I will be sure to show the condition of the rod bearings later.

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I don't see any scuff marks on the pistons.   If the piston are original OEM I would reuse them as I hear a lot of different things about new pistons available on the market.   Let others chime in on that.  

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If the cylinders are round and spec out okay, re-ring and reuse the original pistons after running a hone up and down the bores.  On one nailhead that I had rebuilt, the machine shop reconditioned the rods. Rods can bend and twist. Might be worth checking.

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Next, I removed the flexplate as shown.20200207_142751.thumb.jpg.5555637676db9ce8b55b6ddce92ec099.jpgJust remove all 6 bolts as shown.20200207_142758.thumb.jpg.1865a8996a52a0fa6cf9d89a980f2014.jpg20200207_143806.thumb.jpg.2f1230bc717e4639baeda428f17aaad1.jpgNote that there is a dowell that makes sure the flexplate in installed in the correct manner.  When bolts are removed, slide the flexplate off of the crankshaft end.  Now, showing the site of removal.20200207_143915.thumb.jpg.f003977c73237155855ba710802a2f3d.jpgShowing the flexplate removed from the engine.20200207_143939.thumb.jpg.8d6fd824e92af3df0e0324c0e5c6f4ee.jpgOverall, this was an easy task.

Edited by Kosage Chavis (see edit history)
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Coming along quite nicely! At least you didn’t have to encounter the explosive problem that I had to deal with in my first Nailhead dismantling; #8 piston had completely disintegrated into MANY unrecognizable aluminum shrapnel fragments, throughout the crankcase and even broke off some sizable chunks of both sides of the lowest end of that cylinder wall! Still not sure if my original block is salvageable via a sleeving job or not. Only time and money will eventually determine this fate. Worst case scenario, I’ll be having the 2nd Nailhead that I have, rebuilt instead, someday....

55086117-6CF7-4DE7-B6FF-ED6B27D03013.png

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A friend of mine in Illinois has what is believed to be the first 63 Riviera with  the 425 engine.  Until he discovered that fact, he was going to do an engine swap.  He had put a rod through a cylinder wall.  That 425 has driven him all over the place with a wet sleeve in place.  Go for it!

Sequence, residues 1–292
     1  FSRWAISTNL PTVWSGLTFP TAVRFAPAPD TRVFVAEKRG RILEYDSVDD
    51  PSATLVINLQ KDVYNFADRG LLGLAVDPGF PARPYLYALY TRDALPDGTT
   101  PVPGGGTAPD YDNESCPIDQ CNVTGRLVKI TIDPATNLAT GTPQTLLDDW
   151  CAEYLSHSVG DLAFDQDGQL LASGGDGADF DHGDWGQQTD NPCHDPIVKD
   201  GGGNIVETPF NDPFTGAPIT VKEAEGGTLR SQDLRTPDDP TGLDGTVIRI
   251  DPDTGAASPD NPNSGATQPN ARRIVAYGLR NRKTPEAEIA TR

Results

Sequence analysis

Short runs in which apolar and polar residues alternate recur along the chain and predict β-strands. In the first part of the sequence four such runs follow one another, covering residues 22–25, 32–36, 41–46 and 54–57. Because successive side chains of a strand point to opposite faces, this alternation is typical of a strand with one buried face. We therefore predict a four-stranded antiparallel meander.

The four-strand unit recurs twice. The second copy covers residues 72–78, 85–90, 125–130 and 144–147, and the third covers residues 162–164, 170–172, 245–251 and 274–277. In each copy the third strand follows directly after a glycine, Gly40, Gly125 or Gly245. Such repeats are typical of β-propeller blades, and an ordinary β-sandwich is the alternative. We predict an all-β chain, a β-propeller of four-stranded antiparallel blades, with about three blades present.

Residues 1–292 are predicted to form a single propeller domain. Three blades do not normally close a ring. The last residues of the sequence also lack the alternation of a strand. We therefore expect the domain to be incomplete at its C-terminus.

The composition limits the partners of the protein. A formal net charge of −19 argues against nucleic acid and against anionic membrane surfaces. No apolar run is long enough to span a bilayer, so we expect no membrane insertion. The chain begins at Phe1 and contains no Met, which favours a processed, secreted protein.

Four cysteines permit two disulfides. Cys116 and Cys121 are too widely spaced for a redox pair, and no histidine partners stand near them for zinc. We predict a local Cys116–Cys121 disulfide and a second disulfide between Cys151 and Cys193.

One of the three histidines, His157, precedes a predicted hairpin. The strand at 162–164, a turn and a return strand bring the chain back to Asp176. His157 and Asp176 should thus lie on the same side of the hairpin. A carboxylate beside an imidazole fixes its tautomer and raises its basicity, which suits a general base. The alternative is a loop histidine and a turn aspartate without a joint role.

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Next was the removal of the crankshaft as shown.20200207_144130.thumb.jpg.1acef8c658c827efca2c61d3be6413ad.jpgFirst, I only removed three main bearing caps (#2, #3 and #4) as shown by removing the 2 bolts at each of them as shown.20200207_144153.thumb.jpg.c95bb860eb3e95a5bf39aaee8555183c.jpgEach cap is numbered consecutively  (#1 being at the front of engine) and has an arrow that points to the front of the engine. 

 

I am not going to give advice on how to remove the caps because I struggled with this without the cap popping off uncontrollably.  Maybe one of you could school me here...  @EmTee, @avgwarhawk, @old-tank, @MrEarl, @NC-car-guy, @RivNut

 

I left the #1 cap and most rear cap (not numbered) in place, only unscrewing those bolts about half way.  I did this because the rear cap was too big and difficult to remove like the other smaller caps.  I then turned the engine over so that the weight of the crank rested totally on the 2 remaining caps.  The idea was to use the weight of the crank to push the much bigger rear cap off of the engine (without letting the crank fall).  I then took a rubber mallet and tapped down on the rear end of the crank, dislodging the rear cap in the process.  I then flipped the engine back over and I was able to pull off the rear cap without much of a problem.  The #1 cap was also removed.  After all caps are removed, grab both ends of the crank and carefully lift it up and out of the engine block.  Be sure to also remove the other halves of the main bearings.  Showing the site of removal.20200207_152659.thumb.jpg.37e4123f96e23552da744988e658adaa.jpgShowing the crankshaft removed from engine.20200207_152714.thumb.jpg.8c1310d7878a2a58673a590856874f06.jpgOverall, moderate task (only because removing the main bearing caps was a bit of a challenge).

Edited by Kosage Chavis (see edit history)
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2 hours ago, Kosage Chavis said: